DISCUSSION

The World Health Organization has classified GCT as “an aggressive, potentially malignant lesion”.2 Its histogenesis is uncertain.2,3 Historically, curettage / intralesional excision has been associated with a high rate of recurrence (30-50%).2 Intralesional excision / curettage combined with local adjuvants like methylmethacrylate and liquid nitrogen (thermal action) or phenol and hydrogen peroxide (chemical action), may decrease the rates of local recurrence.3 However, the adequacy of the removal of tumor rather than the use of adjuvant modalities is what determines the risk of recurrence.4,5

The risk of local recurrence after an en bloc resection involving the joint is lower than that after an intralesional procedure.4 Campanacci reported a recurrence rate of zero in 58 wide (en bloc resections) or radical procedures.1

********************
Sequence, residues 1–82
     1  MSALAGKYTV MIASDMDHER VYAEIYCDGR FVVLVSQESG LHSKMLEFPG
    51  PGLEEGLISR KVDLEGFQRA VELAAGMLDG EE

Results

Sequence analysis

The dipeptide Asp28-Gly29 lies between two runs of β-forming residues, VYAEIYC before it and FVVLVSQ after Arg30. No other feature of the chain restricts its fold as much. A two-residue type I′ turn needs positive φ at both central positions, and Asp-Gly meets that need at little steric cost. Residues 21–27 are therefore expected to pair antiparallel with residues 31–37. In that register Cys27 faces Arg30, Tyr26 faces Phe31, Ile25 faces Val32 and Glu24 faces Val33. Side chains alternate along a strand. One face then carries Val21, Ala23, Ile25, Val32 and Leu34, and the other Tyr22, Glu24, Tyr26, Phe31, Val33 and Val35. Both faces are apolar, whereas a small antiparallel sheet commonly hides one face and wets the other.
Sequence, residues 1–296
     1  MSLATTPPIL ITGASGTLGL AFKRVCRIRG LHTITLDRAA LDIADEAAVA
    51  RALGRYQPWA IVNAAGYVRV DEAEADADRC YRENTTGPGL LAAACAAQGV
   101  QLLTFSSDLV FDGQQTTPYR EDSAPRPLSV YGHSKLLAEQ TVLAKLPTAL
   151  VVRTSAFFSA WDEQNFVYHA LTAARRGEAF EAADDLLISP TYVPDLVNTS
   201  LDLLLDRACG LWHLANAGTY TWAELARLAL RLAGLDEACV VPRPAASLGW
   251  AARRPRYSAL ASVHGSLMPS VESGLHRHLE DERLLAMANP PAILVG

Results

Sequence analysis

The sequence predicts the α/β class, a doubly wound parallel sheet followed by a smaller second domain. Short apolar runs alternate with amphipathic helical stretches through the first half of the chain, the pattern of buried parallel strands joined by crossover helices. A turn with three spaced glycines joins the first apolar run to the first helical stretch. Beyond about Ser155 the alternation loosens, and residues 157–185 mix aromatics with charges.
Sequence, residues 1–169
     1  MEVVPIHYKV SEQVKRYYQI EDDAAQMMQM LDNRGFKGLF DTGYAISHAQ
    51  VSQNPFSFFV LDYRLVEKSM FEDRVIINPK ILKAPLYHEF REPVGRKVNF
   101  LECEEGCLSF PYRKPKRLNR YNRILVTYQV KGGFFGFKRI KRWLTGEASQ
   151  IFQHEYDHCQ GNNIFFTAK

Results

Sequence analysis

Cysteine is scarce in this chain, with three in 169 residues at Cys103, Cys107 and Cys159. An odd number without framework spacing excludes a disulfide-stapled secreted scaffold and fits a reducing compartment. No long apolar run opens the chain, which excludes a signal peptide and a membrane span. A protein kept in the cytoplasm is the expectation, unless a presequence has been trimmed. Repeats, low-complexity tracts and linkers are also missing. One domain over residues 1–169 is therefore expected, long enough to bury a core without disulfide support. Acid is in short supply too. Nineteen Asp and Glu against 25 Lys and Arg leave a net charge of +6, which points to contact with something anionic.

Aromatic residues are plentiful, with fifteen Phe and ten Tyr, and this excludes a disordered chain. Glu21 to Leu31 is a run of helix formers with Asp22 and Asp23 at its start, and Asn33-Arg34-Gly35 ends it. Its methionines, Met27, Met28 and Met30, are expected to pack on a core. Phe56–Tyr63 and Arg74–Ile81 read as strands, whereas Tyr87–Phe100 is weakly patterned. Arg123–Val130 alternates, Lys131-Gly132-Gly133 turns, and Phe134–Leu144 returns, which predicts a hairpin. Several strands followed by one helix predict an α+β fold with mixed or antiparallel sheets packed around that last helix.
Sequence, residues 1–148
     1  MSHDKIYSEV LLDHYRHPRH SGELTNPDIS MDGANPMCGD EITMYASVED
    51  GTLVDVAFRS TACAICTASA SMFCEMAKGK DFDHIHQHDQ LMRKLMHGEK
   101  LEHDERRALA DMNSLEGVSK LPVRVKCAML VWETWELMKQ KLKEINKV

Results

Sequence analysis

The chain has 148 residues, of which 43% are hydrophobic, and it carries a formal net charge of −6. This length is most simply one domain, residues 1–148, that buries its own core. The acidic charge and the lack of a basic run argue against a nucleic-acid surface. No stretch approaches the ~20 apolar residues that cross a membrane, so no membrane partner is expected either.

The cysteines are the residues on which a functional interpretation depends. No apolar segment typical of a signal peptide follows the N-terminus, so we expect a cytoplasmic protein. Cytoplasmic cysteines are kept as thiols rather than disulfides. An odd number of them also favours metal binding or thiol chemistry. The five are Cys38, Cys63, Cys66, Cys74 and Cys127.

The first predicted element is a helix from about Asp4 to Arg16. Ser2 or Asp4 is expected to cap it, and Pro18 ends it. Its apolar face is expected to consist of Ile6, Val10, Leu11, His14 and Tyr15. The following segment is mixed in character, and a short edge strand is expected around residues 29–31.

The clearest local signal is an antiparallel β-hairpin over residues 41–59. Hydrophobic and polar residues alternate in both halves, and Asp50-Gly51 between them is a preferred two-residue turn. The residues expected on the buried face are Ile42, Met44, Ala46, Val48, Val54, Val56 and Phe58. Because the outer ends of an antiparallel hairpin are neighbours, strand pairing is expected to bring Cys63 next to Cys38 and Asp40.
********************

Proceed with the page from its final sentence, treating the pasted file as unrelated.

Now increasing emphasis is being laid on preservation of joint in treating GCT.2,3 Resection is usually performed in a) Stage 3 lesions, which have already destroyed the cortex and tend to recur more often; b) when the defect is large; and c) when the joint surface is destroyed or cannot be salvaged. However, Szendroi tries to preserve the joint even in Stage 3 lesion, taking into account the higher probability of recurrence. He believes that extended curettage and application of bone cement are the most accepted methods of treatment of GCT.2 When the tumor is less than 1 cm from the articular surface, the incidence of degenerative changes in articular cartilage after the use of cement alone is more than 2.5 times greater than that when the tumor is more than 1 cm away.6 Interposing a cm or two of bone graft between the cartilage and cement may reduce heat damage and the resultant early degenerative changes.6 Studies have shown that cement constructs are less rigid than normal subchondral bone or successful bone graft.3 Our patients generally presented late in the course of the disease when the lesion had become large in size and abutting the articular cartilage despite being Campanacci Grade 2 lesion. Most of our cases are from the last two decades and hence we have used various methods to reconstruct the gap.